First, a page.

He learned valuable lessons while attending classes.

“One of the teachers said, ‘Repeat, repeat, repeat,’” Cruz said. “The other teacher always said, ‘Show up.’ I took it a step further by showing up and giving it my best.”

About three months later, Cruz took the exam.

“The teacher signed me up and I had to go,” he said. “The test was about eight hours and I was a nervous wreck.”

Cruz thought he had failed.

“About two weeks later, I got my results,” Cruz said. “I passed. I felt like I had won the lottery. I have never won the lottery, but I know how they feel – it’s life-changing and you don’t believe it. I was shaking. I was crying. It was an awesome experience and, looking back now, these were life-changing moments for me.”

 

Doors open

Since holding his diploma for the first time, his expectations for the future have bloomed.

“For one, when I went back to the manager with that paper, he was able to give me the job he had promised, and that was one big door that opened,” Cruz said. “Every time I had worked at a place, I had always moved up to the best of my ability, but I was always kept off because of education. Now I know that I could work my way up, which I did in U.S. Display.”

Cruz was promoted to a position in the design department of the company, where his responsibilities grew.

“I learned how to use [various] programs and did quality control,” he said. “I called the customers for orders and I had to make sure the paperwork was right.”

After passing the HiSET, Cruz worked at U.S. Display Group for seven years.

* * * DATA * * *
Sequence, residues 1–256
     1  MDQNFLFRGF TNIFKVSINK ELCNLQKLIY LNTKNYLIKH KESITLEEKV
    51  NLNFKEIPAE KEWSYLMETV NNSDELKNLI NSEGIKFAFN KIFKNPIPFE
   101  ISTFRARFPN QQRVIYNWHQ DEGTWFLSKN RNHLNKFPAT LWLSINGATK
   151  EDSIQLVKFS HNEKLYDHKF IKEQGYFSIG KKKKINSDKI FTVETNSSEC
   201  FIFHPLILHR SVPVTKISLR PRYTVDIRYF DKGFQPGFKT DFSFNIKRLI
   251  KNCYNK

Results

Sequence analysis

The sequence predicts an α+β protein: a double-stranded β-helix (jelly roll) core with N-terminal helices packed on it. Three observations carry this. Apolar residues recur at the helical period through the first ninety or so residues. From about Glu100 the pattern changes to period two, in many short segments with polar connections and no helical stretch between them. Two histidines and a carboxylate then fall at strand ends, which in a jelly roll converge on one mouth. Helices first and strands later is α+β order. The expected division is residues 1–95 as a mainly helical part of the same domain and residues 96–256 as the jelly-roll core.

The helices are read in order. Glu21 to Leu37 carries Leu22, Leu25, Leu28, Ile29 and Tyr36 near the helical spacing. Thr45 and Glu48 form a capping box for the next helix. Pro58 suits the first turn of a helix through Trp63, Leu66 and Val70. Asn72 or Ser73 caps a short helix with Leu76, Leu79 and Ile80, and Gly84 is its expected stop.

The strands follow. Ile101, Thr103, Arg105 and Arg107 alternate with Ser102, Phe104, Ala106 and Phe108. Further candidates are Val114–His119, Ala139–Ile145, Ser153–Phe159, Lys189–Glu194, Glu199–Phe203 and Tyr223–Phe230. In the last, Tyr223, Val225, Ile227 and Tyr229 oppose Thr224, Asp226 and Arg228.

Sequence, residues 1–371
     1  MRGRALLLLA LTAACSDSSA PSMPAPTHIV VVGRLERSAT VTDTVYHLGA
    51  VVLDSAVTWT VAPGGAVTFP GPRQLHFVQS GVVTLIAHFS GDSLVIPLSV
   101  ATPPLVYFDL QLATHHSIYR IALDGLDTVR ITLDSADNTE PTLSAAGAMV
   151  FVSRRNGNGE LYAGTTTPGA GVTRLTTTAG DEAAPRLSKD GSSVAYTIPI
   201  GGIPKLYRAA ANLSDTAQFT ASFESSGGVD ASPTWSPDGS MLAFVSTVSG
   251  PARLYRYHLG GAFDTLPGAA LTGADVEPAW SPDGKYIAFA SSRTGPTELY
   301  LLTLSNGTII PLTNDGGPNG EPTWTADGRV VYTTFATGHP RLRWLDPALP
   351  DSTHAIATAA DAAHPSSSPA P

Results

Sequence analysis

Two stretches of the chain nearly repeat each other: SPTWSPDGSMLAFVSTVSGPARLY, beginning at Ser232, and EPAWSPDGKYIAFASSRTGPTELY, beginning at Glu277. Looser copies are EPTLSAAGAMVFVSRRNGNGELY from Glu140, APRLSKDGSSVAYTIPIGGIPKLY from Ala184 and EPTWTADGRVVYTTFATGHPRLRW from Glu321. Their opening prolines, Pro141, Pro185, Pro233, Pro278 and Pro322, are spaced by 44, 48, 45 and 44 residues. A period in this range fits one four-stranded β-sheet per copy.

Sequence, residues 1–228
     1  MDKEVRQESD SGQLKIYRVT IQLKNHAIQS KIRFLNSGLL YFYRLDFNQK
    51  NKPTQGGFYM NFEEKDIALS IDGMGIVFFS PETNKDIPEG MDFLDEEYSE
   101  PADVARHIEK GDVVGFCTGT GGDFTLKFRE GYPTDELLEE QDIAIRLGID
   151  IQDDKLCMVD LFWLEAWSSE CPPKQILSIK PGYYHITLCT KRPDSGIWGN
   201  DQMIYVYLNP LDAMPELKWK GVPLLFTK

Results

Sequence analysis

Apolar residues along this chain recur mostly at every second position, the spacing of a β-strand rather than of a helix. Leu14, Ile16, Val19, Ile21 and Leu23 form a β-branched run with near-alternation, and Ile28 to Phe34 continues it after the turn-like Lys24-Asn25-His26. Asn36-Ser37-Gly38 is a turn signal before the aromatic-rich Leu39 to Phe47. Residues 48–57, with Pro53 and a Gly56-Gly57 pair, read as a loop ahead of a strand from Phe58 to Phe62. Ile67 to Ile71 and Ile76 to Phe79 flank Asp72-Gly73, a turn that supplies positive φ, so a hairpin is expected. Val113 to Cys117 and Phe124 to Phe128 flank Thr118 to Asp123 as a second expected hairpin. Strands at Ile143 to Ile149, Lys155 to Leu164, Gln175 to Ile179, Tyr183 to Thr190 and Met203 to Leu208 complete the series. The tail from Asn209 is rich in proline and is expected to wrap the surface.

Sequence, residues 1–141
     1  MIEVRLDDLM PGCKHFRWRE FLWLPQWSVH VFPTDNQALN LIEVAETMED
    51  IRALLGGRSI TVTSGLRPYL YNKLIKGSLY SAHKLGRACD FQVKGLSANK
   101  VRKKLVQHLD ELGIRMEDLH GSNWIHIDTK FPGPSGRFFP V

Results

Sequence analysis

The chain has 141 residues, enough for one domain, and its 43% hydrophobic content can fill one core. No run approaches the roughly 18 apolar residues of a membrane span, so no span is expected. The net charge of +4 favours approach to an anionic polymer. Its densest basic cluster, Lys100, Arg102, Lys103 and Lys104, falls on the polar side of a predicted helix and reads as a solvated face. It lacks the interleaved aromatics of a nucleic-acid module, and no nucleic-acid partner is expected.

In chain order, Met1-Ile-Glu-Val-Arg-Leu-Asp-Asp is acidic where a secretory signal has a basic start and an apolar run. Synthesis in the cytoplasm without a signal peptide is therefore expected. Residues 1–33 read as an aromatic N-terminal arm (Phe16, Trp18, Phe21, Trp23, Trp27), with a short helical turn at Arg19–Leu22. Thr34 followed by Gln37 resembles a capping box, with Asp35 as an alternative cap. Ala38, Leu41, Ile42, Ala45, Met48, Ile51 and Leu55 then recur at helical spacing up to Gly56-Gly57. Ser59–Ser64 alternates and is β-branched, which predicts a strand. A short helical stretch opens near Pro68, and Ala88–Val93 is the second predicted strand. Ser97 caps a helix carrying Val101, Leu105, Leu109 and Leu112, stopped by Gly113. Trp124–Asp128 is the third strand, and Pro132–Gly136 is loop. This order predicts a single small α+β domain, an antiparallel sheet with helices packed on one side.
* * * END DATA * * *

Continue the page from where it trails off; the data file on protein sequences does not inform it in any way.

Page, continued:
About two years ago, he started his own business, where he utilizes his knowledge of troubleshooting and repair work as well as the writing and math skills necessary for preparing the paperwork he acquired through the Literacy Council.

“My business now is called Handyman I Am,” he said. “I am really busy. I do flooring, from tile to hardwood floors. I do framing and I can build a wall. I can do electrical, plumbing, roofing, trim work.”

 

Inspiring his children

Earning his diploma gave Cruz confidence to motivate his children to pursue higher education as well. Cruz has inspired his son, Jose, to go to college. 

“My son didn’t feel he was smart enough at school,” Cruz said. “Now he’s 21 and in college. He’s going to MTSU and he’s the youngest manager of Electronic Express. He told me he was glad I pushed him the way I did.”

Just as Cruz motivates his children, he was inspired by his father.

“When my dad moved to the United States, he never learned how to write or speak English, but he worked hard every day,” Cruz said. “I always pushed myself and had work ethic due to what I saw my dad do.”

Despite all the difficulties, his father provided for the family and bought a house.

“Because of his sacrifice, I thought I had to push myself harder,” Cruz said. “My dad could have stayed in Puerto Rico, raised us there and continued the same cycle. But he saw what we could have here in the United States, as far as education and a better life, and he came here. That’s why I push myself.”

For more information about the Literacy Council, visit its website at www.needahighschooldiploma.com.

For additional information about adult education classes and to find an education center near you, visit www.tn.gov/adulteducation or call 1-866-801-4723.

Elena Cawley may be reached via email at ecawley@tullahomanews.com.